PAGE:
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Improving your Opening Play Sequences

Discussion in 'Civ3 Strategy Articles' started by cracker, Aug 30, 2002.

  1. DaveMcW

    DaveMcW Chieftain

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    Some comments on your terrain power chart. I believe my suggestions lead to a more accurate calculation of various costs/benefits, especially when building settlers.

    1. All raw food values should be reduced by 2 to reflect the upkeep of the citizen working that tile. Gold should also be reduced by 1 to reflect the enterainment cost of that citizen (1 luxury or 1 police upkeep).

    2. You should add the basic city center to the chart. I noticed you mention it is worth 6* on the second page but do not provide a background calculation.

    CITY CENTER
    Despot Raw Food: 2
    Despot Raw Shields: 1
    Despot Raw Gold: 8 (2 gold + 2 content citizens on Monarch + 4 free units)
    Despot Raw Power: 11

    If you do not reduce all the other food/gold values, the city center is worth an extra 3 points because it doesn't need to support a citizen.

    3. Gold is not interchangeable with food and shields, and it is worth much less in the early game. I would favor removing gold from the raw power calculation and letting it stand alone.
     
  2. JMK

    JMK Chieftain

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    Well, I thing Gold is quite important as it heps a lot to buy techs from other civs. I would not neglect gold myself.
     
  3. cracker

    cracker Gil Favor's Sidekick

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    DaveMcW,

    Interesting perspective and interesting comments to say the least. :rolleyes:

    Since you do not think gold is powerful then I will look to see your dead burnt corpse laying beside the roadside of Civ3 life as time goes by. ;) ;) ;)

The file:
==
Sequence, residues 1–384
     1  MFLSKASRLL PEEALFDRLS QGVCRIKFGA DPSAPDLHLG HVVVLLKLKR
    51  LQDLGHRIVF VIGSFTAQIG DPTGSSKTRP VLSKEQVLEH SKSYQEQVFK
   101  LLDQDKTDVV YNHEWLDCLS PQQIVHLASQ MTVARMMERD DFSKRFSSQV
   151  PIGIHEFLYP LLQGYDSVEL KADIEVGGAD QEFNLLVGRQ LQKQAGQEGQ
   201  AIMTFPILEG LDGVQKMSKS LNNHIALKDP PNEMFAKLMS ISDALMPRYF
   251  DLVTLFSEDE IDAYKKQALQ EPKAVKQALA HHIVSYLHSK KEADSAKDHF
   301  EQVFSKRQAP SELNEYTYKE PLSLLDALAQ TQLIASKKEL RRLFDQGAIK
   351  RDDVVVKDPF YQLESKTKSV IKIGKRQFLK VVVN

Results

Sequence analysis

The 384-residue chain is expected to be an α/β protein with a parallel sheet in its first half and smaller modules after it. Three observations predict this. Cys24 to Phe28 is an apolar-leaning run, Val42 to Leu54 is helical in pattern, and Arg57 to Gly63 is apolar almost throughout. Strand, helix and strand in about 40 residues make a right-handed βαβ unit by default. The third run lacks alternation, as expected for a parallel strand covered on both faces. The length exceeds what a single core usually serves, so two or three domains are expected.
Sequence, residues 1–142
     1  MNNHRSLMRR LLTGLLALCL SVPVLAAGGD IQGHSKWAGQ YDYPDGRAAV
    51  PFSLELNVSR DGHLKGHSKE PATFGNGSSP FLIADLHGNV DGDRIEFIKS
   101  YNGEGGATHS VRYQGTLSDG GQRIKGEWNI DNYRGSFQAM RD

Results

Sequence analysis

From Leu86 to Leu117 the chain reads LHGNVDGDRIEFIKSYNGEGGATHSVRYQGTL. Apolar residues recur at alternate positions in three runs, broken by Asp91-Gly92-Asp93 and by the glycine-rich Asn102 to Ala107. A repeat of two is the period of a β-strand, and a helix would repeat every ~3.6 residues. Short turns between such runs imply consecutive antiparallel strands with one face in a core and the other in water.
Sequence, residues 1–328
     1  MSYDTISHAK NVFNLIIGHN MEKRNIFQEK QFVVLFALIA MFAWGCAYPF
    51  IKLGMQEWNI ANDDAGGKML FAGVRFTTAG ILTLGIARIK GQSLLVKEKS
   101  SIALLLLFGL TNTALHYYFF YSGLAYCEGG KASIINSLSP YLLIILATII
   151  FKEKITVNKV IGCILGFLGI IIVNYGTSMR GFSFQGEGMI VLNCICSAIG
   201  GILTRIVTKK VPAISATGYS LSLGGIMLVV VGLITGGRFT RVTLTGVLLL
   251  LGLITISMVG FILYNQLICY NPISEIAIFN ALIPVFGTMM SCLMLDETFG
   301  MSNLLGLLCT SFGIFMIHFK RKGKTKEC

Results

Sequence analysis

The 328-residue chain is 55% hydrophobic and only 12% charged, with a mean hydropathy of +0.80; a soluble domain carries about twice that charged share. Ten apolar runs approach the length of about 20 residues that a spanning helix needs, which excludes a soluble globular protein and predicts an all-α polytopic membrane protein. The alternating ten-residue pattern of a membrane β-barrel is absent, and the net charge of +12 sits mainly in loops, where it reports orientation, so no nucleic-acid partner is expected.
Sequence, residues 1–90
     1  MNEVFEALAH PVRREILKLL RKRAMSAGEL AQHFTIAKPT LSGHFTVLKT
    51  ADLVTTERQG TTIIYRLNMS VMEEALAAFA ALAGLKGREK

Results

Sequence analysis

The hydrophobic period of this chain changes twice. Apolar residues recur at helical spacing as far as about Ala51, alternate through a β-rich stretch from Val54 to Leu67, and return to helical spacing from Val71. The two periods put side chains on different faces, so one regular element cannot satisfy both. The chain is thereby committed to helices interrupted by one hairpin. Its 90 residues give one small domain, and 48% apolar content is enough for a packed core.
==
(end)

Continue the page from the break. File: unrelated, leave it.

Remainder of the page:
You may not think gold is interchangeable with food and shields but that sounds like inexperience and lack of perspective talking. When you have a citizen working a bonus grassland with road and mine and you manage that citizen to change its location and an work an irrigated wheat square on plains, you just took 2 shields and interchanged them to be a food and two gold. From a management standpoint the units of power are interchangeable and its is up to you to recognize how to convert the power components into a more powerful civ position.

    Lumping in the free units support from the type of government is out of concept with the purpose of the article. and really just confuses the issues.

    Glad you read the article.
     
  4. DaveMcW

    DaveMcW Chieftain

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    I am mainly talking about pre-2000 BC values. No one in their right mind would work an improved gold hill (power 7) over an improved cattle (power 6) before getting a few setters out.

    Once you get contacts and the tech race becomes interesting gold regains its value. But the first few dozen moves is where perfect micromanagement is the most important, and in that period gold is inferior.
     
  5. TheNiceOne

    TheNiceOne Chieftain

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    cracker, I will chime in to support DveMcW a bit.

    Assume your starting workable area consists of three types of grasslands:
    1) Normal grassland adjacent to river (2 food + 1 gold)
    2) Bonus grassland (2 food + 1 shield)
    3) Grassland with wheat (3 food)

    Now, where would you set your first citizen to work, or the second?

    I will find it hard to believe that you will answer 1) to even one of these questions, simply becase in the early game, food and shields are more important than gold.
     
  6. barron of ideas

    barron of ideas Barron

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    Is it too late to say what a great article this is? Full of information that I don't think is available anywhere else and organized "to an inch of its life" as several pickers of nits have tried to find something wrong with it without any success at all, imho. I go back to re-read it before I start games I want to play to win. Which is most of them. Bravo Mr. Cracker. or whatever honorific fits the situation Ms, Dr, etc. Please keep up the amazing work. I also read the lumberjack article, and am also deeply impressed but I don't think I can play at that level, at least not yet.
     
  7. Txurce

    Txurce Warlord

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    Cracker, as some have already pointed out, the very first moves are the most important in the game, and this article goes much further than anything I have ever read in showing how to get a civ off to an optimal start. That it's presented in a way that, while requiring focus, benefits novice and veteran alike, is a bonus.

    Could this be taken any further? Well, I'd like to see a response to Ribannah's later, documented position that building an early worker enhances an optimizing strategy such as yours.